Choosing Between Mutable and Immutable Infrastructure

When choosing between mutable and immutable infrastructure, assessing if you desire a flexible or restrictive environment is critical. All developers must evaluate the issue of immutable vs. mutable infrastructure.


As a result, before selecting whether to provide or de-provision infrastructure, compare and contrast immutable vs. mutable infrastructure.


What Exactly Is Mutable Infrastructure?


The term "mutable" implies the ability to change—to mutate into something new. The benefit of mutability is critical in the DevOps environment when you want to keep earlier data without worrying about acquiring new infrastructure. Patches may be applied, upgrades, downgrades, and scaling up and down.


Pros of Mutable Infrastructure


Your IT staff does not have to rebuild servers whenever a modification is necessary.
Individual server upgrades may be rolled out, making the updating process speedier.


You can verify that the infrastructure used fulfills the demands of each user.


Each server can be understood individually, making it easier to detect problems.


What Is Immutable Infrastructure?


The state of being unchanging is referred to as "immutability." It is the antonym of changeable, which signifies that the infrastructure cannot be changed once deployed. When modifications are required, you must deploy from scratch, add infrastructure, and decommission existing infrastructure.


Let's go back to the previous example and do it again using the immutable infrastructure. You don't just do it when it's time to update your server. Instead, you construct a new server, which results in the creation of a unique new computer.


You next put your new invention through multiple testing until it is flawless, and then you transfer the traffic. By doing so, you may avoid a difficult update and only transfer users after you're confident in the new server's operation. Furthermore, you don't wind up with a bunch of useless machines.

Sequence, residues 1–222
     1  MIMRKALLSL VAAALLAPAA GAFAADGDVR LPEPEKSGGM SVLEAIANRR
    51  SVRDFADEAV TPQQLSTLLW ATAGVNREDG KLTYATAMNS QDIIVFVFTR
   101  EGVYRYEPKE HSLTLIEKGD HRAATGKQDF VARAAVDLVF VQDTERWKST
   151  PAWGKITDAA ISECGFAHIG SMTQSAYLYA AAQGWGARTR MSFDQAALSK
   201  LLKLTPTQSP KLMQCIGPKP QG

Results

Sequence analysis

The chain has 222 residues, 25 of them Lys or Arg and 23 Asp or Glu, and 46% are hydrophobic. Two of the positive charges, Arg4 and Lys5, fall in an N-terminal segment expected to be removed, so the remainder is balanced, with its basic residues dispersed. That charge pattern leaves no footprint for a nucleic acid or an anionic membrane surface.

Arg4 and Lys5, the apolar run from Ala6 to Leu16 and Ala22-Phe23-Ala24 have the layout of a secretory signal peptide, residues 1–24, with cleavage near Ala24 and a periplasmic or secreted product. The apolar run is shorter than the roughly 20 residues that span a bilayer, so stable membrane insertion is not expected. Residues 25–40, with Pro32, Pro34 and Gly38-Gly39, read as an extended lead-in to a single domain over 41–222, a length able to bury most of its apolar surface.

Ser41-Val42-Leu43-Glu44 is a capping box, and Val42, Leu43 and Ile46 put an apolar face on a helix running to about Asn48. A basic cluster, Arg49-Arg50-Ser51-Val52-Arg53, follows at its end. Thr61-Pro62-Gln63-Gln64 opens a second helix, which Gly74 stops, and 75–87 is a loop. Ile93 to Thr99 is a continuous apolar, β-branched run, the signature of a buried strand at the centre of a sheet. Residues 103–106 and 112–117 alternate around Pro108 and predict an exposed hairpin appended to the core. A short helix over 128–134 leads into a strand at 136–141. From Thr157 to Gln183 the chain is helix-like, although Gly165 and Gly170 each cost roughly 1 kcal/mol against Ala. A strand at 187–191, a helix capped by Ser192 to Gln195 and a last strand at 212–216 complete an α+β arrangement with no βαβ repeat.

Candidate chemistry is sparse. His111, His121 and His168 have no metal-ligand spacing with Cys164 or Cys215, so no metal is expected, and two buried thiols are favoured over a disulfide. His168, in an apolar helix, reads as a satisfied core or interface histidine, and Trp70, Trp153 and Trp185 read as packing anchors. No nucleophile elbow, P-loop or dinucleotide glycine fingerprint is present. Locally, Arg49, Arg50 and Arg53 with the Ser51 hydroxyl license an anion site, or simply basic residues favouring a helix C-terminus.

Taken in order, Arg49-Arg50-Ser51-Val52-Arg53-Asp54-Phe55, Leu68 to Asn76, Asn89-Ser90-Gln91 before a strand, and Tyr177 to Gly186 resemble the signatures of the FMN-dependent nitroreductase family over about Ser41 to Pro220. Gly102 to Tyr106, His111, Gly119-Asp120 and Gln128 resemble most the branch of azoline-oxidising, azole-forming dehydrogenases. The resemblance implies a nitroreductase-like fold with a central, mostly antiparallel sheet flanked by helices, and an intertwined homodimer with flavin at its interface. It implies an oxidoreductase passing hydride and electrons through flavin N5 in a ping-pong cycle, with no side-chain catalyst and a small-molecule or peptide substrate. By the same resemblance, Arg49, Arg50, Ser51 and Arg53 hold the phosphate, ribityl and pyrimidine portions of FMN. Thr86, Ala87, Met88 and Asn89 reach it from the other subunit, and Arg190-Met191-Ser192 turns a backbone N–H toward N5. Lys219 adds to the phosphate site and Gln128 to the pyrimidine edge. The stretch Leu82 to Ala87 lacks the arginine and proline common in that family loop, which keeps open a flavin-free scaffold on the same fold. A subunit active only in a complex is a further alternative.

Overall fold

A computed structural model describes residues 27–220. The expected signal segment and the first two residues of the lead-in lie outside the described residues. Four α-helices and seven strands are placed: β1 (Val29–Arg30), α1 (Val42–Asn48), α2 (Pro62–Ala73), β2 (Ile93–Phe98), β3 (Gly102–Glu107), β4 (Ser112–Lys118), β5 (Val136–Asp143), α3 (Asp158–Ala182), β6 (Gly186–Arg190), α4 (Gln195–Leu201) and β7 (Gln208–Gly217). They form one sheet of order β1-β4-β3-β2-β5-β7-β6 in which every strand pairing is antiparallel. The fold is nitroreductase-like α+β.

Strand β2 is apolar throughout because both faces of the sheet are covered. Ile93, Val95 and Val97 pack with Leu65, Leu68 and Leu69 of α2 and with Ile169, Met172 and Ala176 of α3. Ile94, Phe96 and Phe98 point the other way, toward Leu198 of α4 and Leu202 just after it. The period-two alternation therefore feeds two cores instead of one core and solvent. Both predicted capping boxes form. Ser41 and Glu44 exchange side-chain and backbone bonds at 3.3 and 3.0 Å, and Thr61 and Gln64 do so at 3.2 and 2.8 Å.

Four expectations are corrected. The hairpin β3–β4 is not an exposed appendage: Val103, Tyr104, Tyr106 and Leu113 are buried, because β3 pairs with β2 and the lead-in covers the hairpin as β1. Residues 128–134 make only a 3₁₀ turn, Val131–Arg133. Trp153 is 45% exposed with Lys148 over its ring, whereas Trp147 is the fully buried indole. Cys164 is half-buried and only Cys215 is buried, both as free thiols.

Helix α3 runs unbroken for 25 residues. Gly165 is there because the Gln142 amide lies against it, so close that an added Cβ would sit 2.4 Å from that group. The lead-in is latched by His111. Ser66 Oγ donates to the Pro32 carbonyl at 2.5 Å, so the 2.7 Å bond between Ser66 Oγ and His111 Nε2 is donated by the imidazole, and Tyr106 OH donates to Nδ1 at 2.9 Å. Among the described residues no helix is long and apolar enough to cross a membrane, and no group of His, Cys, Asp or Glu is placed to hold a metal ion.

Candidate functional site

You may decommission the previous server once you have the new one.


You can decrease configuration drift in a highly interconnected system, such as the cloud or microservices.


Pros of Immutable Infrastructure


Discrete versioning means that each server version is distinct from the others. You will not be able to run two versions at the exact same time. Easier Tracking- Because you build new editions of the server when you have to implement adjustments, you can trace the errors in each version. There is no such thing as a neutral zone. Because the configurations of each server are constant, it is easy to test multiple servers and send out changes. You benefit from predictability because the servers remain constant. Excellent for interconnected situations like cloud technologies. Rollback deployments are possible since earlier versions are unaffected.

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